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The New York Times: Shell Says It Overstated Profits by $276M

The New York Times: Shell Says It Overstated Profits by $276M: “profits.. exaggerated..”; “inappropriate accounting..”-“resulted in profits being embellished”


Published: July 2, 2004

Posted 3 July 03

WASHINGTON (AP) — The Royal/Dutch Shell Group said Friday that the overstatement of its proven oil and gas reserves resulted in profits being exaggerated by $276 million, and that “inappropriate” accounting in other areas resulted in profits being embellished by an additional $156 million.

The revision followed an embarrassing series of disclosures that in total reduced the company’s reported reserves by nearly one-quarter and led to the departure of several top executives.

The biggest downward revision was for 2002, when the faulty accounting resulted in profits being overstated by $208 million. In 2001 the reduction was $56 million, in 2000 it was $122 million and prior to 2000 it was $46 million.

The company disclosed the overstated profits in a filing with the Securities and Exchange Commission late Friday, explaining that in addition to the problematic reserves accounting it had also made errors in the way it accounted for exploration costs, certain gas contracts and the earnings per share of its parent companies.

However, because of a change announced Friday in the way Royal/Dutch Shell will now account for its inventories of oil and gas, the energy giant said its net income for 2002 was actually higher than previously reported at $9.72 billion, up from $9.42 billion it reported February 2003.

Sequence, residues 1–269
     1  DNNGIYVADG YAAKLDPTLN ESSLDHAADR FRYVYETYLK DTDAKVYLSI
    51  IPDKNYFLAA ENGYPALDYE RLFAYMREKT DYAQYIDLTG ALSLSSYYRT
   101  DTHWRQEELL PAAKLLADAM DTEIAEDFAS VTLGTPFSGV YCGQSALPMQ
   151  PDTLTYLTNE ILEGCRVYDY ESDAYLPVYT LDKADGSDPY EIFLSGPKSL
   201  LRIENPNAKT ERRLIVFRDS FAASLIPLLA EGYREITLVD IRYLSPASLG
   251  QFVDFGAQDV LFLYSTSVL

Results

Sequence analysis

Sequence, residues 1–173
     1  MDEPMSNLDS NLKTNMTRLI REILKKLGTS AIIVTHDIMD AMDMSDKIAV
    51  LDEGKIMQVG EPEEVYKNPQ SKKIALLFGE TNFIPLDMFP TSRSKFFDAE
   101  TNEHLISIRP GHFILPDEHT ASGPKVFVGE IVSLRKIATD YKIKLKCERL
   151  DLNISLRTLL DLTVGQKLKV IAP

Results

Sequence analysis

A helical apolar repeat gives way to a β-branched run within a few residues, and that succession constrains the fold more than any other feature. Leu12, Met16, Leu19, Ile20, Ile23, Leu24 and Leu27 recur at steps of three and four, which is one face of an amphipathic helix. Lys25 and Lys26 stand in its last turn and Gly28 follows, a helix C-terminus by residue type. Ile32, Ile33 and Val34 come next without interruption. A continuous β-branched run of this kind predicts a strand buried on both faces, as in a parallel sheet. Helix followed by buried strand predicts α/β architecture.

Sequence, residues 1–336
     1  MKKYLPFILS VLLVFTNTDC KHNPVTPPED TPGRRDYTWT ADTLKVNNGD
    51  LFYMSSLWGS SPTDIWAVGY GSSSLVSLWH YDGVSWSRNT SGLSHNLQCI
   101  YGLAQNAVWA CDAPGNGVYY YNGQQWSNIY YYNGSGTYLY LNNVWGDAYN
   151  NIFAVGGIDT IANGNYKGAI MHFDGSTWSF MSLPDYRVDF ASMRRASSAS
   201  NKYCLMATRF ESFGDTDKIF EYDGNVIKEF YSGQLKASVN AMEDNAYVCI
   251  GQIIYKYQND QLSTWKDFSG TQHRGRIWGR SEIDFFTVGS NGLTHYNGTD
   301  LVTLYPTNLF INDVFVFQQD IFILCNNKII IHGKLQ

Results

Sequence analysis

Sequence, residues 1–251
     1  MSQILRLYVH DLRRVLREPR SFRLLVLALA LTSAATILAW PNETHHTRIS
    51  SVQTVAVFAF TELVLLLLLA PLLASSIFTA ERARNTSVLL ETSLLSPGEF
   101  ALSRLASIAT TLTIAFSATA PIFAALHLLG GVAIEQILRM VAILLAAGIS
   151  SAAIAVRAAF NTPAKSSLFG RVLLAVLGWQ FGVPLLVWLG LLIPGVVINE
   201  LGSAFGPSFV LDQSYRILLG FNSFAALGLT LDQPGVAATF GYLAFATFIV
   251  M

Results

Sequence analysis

The accounting overhaul caused Royal/Dutch Shell’s 2001 net income to drop to $10.35 billion, down from $10.85 billion it reported in February 2002, while its 2000 net income increased slightly to $12.87 billion, up from $12.7 billion reported in early 2001.

In a string of four restatements that started in January, Shell downgraded its proven reserves by 4.47 billion barrels, or 23 percent.

Proven reserves are the amount of oil and gas a company expects to commercially pump to the surface. They are a crucial measure for investors of an oil company’s performance and future value.

The reserves overstatement led to the resignations of chairman Philip Watts, head of exploration and production Walter van de Vijver, and chief financial officer Judy Boynton. It also drew the attention of regulators in the United States and Europe.

On Monday the leaders of Royal Dutch/Shell asked shareholders for forgiveness and time to revamp the Anglo-Dutch oil giant.

Shell has an unusual, bi-national structure in which Royal Dutch Petroleum Co. of the Netherlands controls 60 percent of the group and Britain’s Shell Transport & Trading Co. PLC holds the remaining 40 percent.

Investors and analysts alike have blamed this cumbersome structure for the breakdown in governance that led to significant overstatements of the company’s oil and gas reserves.

Shell’s restatement was released after the close of U.S. markets. Shares of Royal Dutch Petroleum closed up 11 cents at $51.72 on the New York Stock Exchange, where shares of Shell Transport finished 13 cents higher at $44.65.

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